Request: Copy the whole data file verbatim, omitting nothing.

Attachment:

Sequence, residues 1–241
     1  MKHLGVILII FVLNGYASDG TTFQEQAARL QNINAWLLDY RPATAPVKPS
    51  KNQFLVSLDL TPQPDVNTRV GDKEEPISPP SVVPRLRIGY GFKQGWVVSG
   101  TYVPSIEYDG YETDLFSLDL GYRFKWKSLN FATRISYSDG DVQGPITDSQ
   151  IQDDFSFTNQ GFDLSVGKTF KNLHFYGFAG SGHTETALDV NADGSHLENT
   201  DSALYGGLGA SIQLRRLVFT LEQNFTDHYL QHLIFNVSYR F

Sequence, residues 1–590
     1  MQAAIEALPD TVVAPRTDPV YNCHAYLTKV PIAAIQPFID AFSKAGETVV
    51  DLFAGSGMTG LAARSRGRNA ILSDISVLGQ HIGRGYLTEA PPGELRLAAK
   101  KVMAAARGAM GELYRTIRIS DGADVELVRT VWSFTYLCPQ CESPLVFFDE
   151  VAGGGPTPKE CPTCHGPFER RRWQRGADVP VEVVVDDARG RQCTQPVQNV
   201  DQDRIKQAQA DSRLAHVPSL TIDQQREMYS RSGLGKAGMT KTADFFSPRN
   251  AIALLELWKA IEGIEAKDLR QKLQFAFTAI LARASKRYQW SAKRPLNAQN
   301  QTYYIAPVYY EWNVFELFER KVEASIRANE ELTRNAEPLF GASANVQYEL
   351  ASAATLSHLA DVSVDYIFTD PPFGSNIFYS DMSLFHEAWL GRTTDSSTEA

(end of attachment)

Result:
Sequence, residues 1–241
     1  MKHLGVILII FVLNGYASDG TTFQEQAARL QNINAWLLDY RPATAPVKPS
    51  KNQFLVSLDL TPQPDVNTRV GDKEEPISPP SVVPRLRIGY GFKQGWVVSG
   101  TYVPSIEYDG YETDLFSLDL GYRFKWKSLN FATRISYSDG DVQGPITDSQ
   151  IQDDFSFTNQ GFDLSVGKTF KNLHFYGFAG SGHTETALDV NADGSHLENT
   201  DSALYGGLGA SIQLRRLVFT LEQNFTDHYL QHLIFNVSYR F

Sequence, residues 1–590
     1  MQAAIEALPD TVVAPRTDPV YNCHAYLTKV PIAAIQPFID AFSKAGETVV
    51  DLFAGSGMTG LAARSRGRNA ILSDISVLGQ HIGRGYLTEA PPGELRLAAK
   101  KVMAAARGAM GELYRTIRIS DGADVELVRT VWSFTYLCPQ CESPLVFFDE
   151  VAGGGPTPKE CPTCHGPFER RRWQRGADVP VEVVVDDARG RQCTQPVQNV
   201  DQDRIKQAQA DSRLAHVPSL TIDQQREMYS RSGLGKAGMT KTADFFSPRN
   251  AIALLELWKA IEGIEAKDLR QKLQFAFTAI LARASKRYQW SAKRPLNAQN
   301  QTYYIAPVYY EWNVFELFER KVEASIRANE ELTRNAEPLF GASANVQYEL
   351  ASAATLSHLA DVSVDYIFTD PPFGSNIFYS DMSLFHEAWL GRTTDSSTEA